If there is one thing that is truly tragic about down syndrome is that people misinterpret the fact that there is no cure.
Now, you might be wondering: How can this hard fact be misinterpreted? If there is no cure, then there is no cure! Where’s the silver lining here!?
The silver lining is this: Because in spite of all that, in spite of there being no cure, there remains stories of hope showing us how people with Down Syndrome can still do so much to inspire. Many show a persistence and a willingness that is not limited by disability.
Some may still think such stories cliche and put too much emphasis on sentiment, rather than facts. The problem with such a perspective is that it’s only focused on a considerably narrow selection of facts about Down Syndrome.
More specifically, it’s preoccupied with the fact that the disability generally implies a degree of intellectual difficulty.
Yet contrary to this prevailing opinion, people with Down Syndrome cannot just be written off as unintelligent, difficult or even socially awkward. The truth is that, while the disability certainly creates neurological difficulties, these difficulties come in a very wide range that many people are not aware of. You can test multiple pairs of people with the condition, and their IQ levels will not automatically be the same in every instance. True, some may have more difficulty than others, but it is just as likely that others will perform surprisingly well despite their handicap.
As with people of any other disability, an individual with Down Syndrome should be seen as a unique person with their own gifts and strengths. This is also a fact.
Another fact is that hope for improvements can still be possible, even when there’s no cure. Here are some instances that can demonstrate this.
1. Early intervention for cognitive and intellectual abilities.
If there was truly no hope, then why are scores of professionals still working to help children with Down Syndrome overcome their early developmental delays? Why does intervention still result in incredible amounts of success, allowing these children to read, walk, communicate and socialise adequately without being too hampered by their disability?
The answer is simply because intervention still has a positive and lasting impact. For instance, programs that work with the neuroplasticity of a developing brain can still apply to one that has Down Syndrome.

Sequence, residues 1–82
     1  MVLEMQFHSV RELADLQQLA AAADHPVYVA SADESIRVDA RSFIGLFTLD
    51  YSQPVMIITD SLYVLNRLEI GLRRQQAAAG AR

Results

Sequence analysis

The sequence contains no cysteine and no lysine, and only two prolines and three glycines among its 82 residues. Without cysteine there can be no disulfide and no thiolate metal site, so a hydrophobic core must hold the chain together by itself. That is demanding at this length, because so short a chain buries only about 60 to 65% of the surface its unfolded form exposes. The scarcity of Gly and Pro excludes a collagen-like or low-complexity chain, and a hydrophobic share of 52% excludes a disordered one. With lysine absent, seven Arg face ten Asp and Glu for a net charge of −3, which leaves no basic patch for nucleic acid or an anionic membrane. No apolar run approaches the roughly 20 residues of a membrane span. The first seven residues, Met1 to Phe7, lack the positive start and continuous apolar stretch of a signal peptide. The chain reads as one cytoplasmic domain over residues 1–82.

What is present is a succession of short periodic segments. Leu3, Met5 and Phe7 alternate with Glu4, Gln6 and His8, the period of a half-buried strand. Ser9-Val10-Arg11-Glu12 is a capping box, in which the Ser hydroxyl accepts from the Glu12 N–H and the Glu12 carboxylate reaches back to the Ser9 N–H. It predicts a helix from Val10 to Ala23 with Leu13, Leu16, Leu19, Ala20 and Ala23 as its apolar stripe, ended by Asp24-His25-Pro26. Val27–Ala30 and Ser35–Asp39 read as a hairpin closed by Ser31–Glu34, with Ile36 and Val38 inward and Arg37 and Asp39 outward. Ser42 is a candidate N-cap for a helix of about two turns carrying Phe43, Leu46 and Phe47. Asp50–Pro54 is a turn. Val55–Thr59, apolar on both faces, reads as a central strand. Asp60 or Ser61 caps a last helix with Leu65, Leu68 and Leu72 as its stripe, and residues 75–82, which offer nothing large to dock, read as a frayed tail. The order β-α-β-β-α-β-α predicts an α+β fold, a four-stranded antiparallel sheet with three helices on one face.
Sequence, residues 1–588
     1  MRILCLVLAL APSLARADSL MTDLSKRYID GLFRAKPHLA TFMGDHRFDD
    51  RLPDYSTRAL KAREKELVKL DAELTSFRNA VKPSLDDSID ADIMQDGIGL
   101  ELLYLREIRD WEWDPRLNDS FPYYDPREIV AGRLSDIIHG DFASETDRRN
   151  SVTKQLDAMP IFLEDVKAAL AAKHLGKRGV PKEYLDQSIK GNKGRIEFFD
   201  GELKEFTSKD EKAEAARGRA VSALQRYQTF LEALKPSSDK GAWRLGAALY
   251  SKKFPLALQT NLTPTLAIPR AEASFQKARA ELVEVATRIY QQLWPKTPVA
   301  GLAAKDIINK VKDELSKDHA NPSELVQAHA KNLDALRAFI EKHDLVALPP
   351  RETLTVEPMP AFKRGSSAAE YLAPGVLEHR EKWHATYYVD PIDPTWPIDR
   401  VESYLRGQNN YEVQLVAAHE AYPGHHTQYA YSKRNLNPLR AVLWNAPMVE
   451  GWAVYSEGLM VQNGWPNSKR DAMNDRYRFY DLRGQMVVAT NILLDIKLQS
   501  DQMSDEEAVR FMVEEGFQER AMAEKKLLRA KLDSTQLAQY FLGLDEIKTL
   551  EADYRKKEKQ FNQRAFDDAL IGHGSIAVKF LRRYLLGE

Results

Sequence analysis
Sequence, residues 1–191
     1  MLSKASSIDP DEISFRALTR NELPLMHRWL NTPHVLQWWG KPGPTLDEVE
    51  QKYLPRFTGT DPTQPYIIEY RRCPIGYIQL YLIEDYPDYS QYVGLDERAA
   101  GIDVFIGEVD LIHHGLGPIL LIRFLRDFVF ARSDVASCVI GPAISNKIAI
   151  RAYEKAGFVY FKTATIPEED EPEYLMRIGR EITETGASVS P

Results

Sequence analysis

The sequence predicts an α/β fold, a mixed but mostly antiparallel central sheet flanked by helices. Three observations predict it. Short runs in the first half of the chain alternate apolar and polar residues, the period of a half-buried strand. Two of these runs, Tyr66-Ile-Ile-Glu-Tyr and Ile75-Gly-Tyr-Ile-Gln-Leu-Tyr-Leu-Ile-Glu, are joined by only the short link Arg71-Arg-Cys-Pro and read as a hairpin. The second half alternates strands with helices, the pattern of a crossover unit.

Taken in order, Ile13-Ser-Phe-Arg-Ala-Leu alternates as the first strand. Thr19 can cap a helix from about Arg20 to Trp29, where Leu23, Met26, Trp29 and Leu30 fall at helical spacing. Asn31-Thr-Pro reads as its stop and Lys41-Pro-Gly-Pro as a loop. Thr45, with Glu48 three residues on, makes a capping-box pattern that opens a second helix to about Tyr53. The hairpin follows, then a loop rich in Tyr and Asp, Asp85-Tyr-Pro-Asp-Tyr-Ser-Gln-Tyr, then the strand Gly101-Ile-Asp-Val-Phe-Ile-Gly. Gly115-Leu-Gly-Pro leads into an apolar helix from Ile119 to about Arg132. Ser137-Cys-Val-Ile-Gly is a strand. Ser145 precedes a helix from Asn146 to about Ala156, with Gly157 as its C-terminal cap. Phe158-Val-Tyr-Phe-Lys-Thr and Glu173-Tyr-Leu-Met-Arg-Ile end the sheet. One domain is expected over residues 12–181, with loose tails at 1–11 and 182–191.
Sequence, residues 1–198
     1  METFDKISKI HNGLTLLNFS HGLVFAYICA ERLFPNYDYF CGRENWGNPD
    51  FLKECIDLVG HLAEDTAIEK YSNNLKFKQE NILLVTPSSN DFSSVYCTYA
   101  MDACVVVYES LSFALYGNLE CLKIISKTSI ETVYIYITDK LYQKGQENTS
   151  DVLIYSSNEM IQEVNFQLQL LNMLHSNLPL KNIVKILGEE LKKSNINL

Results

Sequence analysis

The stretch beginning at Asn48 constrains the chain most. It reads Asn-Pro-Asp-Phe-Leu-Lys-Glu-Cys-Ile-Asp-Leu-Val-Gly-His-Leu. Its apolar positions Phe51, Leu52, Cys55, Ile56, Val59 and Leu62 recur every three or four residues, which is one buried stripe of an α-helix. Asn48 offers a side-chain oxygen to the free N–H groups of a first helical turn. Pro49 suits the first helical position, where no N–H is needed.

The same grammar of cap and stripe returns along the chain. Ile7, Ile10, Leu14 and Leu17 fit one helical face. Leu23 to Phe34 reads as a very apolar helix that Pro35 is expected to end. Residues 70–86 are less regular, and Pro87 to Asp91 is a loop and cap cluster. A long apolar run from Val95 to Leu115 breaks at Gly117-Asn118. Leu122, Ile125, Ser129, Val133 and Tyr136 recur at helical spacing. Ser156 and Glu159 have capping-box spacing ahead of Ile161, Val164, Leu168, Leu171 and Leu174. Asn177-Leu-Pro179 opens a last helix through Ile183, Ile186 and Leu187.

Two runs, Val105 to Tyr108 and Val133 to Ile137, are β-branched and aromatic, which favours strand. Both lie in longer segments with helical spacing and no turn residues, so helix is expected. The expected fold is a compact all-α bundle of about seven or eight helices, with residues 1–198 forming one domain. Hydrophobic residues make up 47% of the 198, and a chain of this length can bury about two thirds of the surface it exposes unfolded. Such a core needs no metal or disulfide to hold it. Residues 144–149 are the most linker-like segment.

2. Advances in research still achieve better quality of life.
Asides from early intervention and brain training programs, there is the historical fact that people with Down Syndrome have seen their life expectancy significantly increase during the past century.
Advancements in healthcare and medicine has allowed individuals a better chance at fighting life-threatening complications of Down Syndrome (such as heart problems). And as a result of their improved life expectancy, there had been more advocacy for better treatment and better opportunities to develop themselves.
3. Many families are organising support communities.
It’s no surprise that many people with Down Syndrome as well as their families have come to create very vocal communities to support each other. Neither is it surprising that their advocacy has called for the attention of numerous governments, international organisations and research foundations.
This, in turn, powers a cycle that has driven more people to develop ways that address the specific challenges of Down Syndrome. And thus, you can be sure that the intervention being used today can still see more improvement in the next decade!
To summarise, just because a person with Down Syndrome has certified limitations doesn’t mean they cannot strive at all for any sort of improvement. They can, and they can succeed!
If you need any advice or support, then know that we at the Australian Tomatis Method are still here to help you. Please reach out if you need to, either by email at firstname.lastname@example.org or by phone to Francoise at 0414 444 915.